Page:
Finally, this new taxation requires a regulatory framework that protects consumer rights, data privacy and the defense of competition, bearing in mind that the knowledge economy has at its core the human-being, and very specifically their privacy and biology.
Impact on tax collection
Various authors have estimated the impact of the reform on revenue. Preliminary estimates suggest that Pillar 1 could yield between $438 and $1,038 million annually for Latin America and the Caribbean, while Pillar 2 revenues appear to be more significant for the region and could reach between $2.1 and $2.25 billion a year.
It should be noted that the calculations are influenced by the absence of data by company and are only available at country level as of 2017 for five jurisdictions. They also do not include the introduction of a general QDMT.
Conclusions and recommendations
After reviewing the Inclusive Framework and Pillar 1, we recommend LAC countries to revise the application threshold and the basis for distribution of the residual benefits that make up Amount A, so that the mechanism has a greater redistributive potential.
We also suggest reconsidering the current ban on implementing the Digital Services Tax on companies with revenues below the agreed thresholds.
For countries, we recommend weighing the desirability of participating in Pillar 1 against less aligned alternatives, such as the Digital Services Tax.
Regarding Pillar 2, our main recommendation is to establish the ¨qualified domestic minimum top-up taxes” (QDMT), to avoid ceding revenue to third jurisdictions due to the establishment of the Global Minimum Tax (GMT). Another policy that will need to be reviewed concerns tax incentives to encourage investment, especially if the QDMT has not been approved by a country. Furthermore, to level the playing field in a jurisdiction, a QDMT could be applied to all firms (over a sales threshold) ensuring a minimum income tax of 15% on accounting profits. In fact, this will help to reduce the negative impact of redundant CIT incentives but does not substitute the need to reevaluate their design.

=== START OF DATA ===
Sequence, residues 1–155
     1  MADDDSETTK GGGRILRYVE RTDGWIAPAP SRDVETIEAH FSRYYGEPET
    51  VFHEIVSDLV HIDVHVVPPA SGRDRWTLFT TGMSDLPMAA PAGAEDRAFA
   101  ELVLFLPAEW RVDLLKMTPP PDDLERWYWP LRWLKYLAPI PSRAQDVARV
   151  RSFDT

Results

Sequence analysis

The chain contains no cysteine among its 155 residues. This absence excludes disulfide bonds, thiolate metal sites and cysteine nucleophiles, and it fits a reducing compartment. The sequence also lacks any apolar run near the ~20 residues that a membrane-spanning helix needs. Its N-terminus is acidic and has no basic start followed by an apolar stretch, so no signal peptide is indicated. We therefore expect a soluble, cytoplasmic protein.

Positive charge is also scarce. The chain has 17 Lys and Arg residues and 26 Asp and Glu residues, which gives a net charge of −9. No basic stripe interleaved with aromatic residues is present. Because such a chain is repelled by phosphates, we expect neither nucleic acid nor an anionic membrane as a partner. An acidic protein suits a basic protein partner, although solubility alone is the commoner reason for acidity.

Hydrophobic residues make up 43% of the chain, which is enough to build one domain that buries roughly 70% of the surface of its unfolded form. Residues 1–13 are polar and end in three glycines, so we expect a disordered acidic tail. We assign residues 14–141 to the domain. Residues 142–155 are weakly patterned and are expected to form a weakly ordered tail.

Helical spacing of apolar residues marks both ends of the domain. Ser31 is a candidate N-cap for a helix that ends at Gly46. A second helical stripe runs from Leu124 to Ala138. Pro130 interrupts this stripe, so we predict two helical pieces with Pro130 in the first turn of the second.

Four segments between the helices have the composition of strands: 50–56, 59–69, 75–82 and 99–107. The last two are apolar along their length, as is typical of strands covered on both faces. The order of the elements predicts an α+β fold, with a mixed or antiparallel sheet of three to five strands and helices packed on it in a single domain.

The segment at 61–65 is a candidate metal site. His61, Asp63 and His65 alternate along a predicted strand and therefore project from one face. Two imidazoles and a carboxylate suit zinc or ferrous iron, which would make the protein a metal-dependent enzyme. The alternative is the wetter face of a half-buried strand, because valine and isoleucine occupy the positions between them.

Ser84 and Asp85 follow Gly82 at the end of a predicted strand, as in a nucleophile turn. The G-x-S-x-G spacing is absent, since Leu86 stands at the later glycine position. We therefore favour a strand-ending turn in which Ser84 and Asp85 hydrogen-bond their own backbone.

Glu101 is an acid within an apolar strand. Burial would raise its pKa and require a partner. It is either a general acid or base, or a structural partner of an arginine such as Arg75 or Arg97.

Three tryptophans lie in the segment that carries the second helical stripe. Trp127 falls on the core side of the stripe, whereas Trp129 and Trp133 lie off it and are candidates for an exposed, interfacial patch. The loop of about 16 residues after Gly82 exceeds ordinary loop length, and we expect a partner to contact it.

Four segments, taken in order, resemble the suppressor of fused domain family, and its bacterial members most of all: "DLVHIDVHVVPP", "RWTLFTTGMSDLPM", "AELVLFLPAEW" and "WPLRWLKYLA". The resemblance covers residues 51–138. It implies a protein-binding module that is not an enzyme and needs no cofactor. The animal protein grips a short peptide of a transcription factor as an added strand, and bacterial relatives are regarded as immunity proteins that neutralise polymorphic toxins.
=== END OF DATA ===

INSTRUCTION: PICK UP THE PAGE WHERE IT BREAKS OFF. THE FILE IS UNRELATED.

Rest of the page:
Electronic Invoicing for Cross-border Transactions
To facilitate this process of transparency and tax control, we propose electronic invoicing for all cross-border transactions of goods, services, intangibles and financing, and promoting the exchange of information between all jurisdictions involved in the ultimate beneficial ownership and country-by-country reporting by large multinational firms. At the same time, successful management of the reform requires a review and modernization of the international aspects of tax administration.
In addition, we consider that international cooperation and the institutional framework supporting it need to be strengthened to deal with the asymmetries between countries in policymaking, and implementation. This will enhance the important progress achieved to date.
All the countries in the region will have to analyze their international tax policies and determine whether to sign up to the new international consensus or to continue with autonomous tax policies, running the risk of undermining their international trade and financial integration. We wish to emphasize our commitment to our member countries, and we are ready to support them in the analysis and implementation of adjustments to their tax policies.
This blog is based on the publication (in Spanish) New International Corporate Taxation. Challenges, Alternatives and Recommendations for Latin America and the Caribbean.